Within teaching, each of the classifications could be further subdivided with activates to help with attention and understanding, but the main thrust of the lecture remains the same in its intended learning outcomes outlined above.
These classifications are far more helpful, turning vagary into tools, allowing the lecturer to identify more clearly what he hopes to accomplish (Bligh 1971 p61), rather than the lecture category being defined by the content and the situation it is to be delivered. These classifications, turn our sentiments for lecturing into tools we can use to deliver teaching, they can give us a direction in which to plan our delivery.
Having drawn out of the literature tools that can be used in teaching practice, it is now necessary to consider teaching in the context of a lecture and return to basics in the light of what we hope to achieve.
Smith (1997 pp13) in the Staff and Educational Development Association paper on lecturing provides a handy summary of how a majority of people learn (Appendix II). From this Classical lecturing can achieve at most 50% learning and at its most interactive 70% learning. Therefore, we always need to bare in mind what we hope to accomplish and how we are linking the students learning with other tasks before and after the lecture to enhance what we hope to teach in the lecture.
What is meant by ‘learning’? To answer the question of what happens when and how individuals learn is not easy. The roots of the modern debate about education and learning stretch back three hundred years to John Locke and Gottfried Leibniz in the late 1600’s (Biehler 1974 p 267-268). Both believed that a child is born “tabula rasa”, a mind that is a blank slate. However, Locke believed that humans are passive, only responding to external stimuli, whilst Leibnitz argued that the human animal was active, seeking knowledge. Furthermore Leibnitz maintained that people are not just a collection of acts but the source of those acts, and those acts are not random responses to external stimuli but purposeful (Biehler 1974 p 267-268). Here are the beginnings of the modern educational debate. It is the very processes within people which motivate and allow individuals to learn, and not the strict behaviourist view, which believes that it is external stimuli, that prompts us to learn (Biehler 1974 p 270). Rather than becoming mired in the philosophical debate as to what is learning, it could be argued that a vision of the learner is of greater importance than a definition of learning (Jarvis 2005 p 1-3).
Today the four main contenders for this vision of the learner are the Cognitive Psychologists, with the view of the student as an information processor, the Psychodynamic Psychologists with the view of learning as controlled by the psyche and the Humanists with the view of the learner seeking to fulfil their full potential. Finally there are the Social Constructivists, who see education as a social construct which is maintained by the state and society to control the proletariat (Jarvis 2005 p3 – 6)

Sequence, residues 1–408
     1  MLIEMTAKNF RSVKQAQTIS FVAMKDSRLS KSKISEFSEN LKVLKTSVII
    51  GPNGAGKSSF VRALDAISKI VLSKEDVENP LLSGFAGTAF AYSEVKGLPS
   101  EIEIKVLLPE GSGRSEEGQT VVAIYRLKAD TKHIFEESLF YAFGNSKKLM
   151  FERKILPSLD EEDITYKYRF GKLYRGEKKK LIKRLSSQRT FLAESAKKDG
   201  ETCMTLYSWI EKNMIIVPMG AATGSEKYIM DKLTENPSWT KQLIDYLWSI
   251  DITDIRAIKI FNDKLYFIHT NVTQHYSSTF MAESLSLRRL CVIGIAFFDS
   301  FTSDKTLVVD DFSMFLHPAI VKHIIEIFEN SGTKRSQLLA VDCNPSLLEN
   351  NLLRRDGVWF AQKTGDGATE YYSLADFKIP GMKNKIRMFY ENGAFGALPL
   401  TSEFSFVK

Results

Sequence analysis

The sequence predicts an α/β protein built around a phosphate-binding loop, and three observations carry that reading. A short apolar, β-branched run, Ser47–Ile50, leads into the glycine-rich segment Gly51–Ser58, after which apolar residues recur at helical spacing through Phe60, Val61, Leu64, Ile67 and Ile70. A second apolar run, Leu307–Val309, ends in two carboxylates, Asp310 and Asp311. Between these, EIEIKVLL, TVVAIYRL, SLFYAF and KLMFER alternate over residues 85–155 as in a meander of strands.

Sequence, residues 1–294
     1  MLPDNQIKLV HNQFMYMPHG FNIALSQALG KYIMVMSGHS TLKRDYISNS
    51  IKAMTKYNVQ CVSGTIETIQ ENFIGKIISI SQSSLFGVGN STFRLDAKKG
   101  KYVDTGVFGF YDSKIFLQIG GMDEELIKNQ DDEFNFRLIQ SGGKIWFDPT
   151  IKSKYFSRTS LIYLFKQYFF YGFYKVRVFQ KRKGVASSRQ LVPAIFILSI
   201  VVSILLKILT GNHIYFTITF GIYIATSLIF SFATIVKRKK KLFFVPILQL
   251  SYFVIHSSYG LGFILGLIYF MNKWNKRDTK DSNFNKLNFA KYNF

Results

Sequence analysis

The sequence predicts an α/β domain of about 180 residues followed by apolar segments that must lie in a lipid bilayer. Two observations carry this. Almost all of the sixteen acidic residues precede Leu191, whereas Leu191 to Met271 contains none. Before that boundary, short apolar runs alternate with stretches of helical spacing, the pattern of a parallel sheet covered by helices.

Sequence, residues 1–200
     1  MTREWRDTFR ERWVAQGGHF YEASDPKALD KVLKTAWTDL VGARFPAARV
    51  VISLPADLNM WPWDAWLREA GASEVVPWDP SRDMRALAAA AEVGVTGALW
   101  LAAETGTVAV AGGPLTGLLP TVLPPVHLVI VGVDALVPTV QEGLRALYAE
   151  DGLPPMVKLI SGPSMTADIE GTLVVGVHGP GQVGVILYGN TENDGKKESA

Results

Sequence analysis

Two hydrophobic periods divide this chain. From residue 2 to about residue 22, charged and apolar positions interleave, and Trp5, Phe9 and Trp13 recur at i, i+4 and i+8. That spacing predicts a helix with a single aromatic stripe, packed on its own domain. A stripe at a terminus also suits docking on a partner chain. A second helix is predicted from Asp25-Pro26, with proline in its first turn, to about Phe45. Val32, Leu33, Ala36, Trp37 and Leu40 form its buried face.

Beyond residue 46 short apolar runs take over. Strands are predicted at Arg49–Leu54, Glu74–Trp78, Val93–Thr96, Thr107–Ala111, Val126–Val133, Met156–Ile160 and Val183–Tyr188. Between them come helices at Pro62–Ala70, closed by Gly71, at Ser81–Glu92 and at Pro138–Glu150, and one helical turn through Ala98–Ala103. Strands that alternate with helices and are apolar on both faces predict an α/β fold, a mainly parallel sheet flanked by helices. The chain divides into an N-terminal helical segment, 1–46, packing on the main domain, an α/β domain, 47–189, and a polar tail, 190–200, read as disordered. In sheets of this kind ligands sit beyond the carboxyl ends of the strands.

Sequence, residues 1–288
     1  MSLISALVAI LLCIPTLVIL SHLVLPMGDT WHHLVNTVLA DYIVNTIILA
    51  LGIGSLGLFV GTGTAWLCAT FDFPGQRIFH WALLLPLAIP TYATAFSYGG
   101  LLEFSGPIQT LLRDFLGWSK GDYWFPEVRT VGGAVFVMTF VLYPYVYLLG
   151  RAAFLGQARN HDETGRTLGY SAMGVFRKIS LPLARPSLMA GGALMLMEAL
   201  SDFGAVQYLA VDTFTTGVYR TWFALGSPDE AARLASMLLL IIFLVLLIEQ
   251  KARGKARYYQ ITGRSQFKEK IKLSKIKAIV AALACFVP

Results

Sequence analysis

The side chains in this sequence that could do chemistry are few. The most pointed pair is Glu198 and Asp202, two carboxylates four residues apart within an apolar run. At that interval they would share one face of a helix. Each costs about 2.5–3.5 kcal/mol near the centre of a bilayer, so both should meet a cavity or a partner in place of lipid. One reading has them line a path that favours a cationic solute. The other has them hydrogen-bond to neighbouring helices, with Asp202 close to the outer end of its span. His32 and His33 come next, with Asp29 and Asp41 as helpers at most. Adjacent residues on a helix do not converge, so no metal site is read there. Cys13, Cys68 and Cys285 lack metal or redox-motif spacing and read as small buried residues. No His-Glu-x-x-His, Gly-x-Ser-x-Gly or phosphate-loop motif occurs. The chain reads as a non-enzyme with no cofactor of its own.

Whatever the predominant underlying belief, teachers should be aware of all these factors when planning and setting goals in teaching.
Little has been written in recent years about lecturing, which challenges the beliefs held by Bligh (1971) in his book written back in the 1970’s. Certainly little in-depth work has been attempted to examine lecturing in light of current pedagogical understanding rather than the Behaviourist stance Bligh (1971) appears to take in his early book. We seem to have reached a point in time where we feel we understand the process of large group teaching to the extent that we only regurgitate research, which has been written up to 10 years ago. It is the author’s opinion that it is high time we revisited this area of teaching and looks a fresh at its place in teaching in Higher Education.
Over the last few years we have seen the traditional view of the transmission of knowledge change to the view that the role of educators should be the development of critical thinking skills in our learners (Jarvis 2005 p96). As Jarvis points out this is not a new idea, what is different is that increasingly our curricula are filled with assessment which judges knowledge rather than thinking skills we must decide what we wish to teach, and assess that rather than the schizophrenic methods and messages we send to our students.
In the context of Bournemouth University, there has been a move away from the traditional lecture seminar set up to large group broadcast teaching. This in its self should not be a huge problem as long as teaching staff adjusts their content and teaching methods.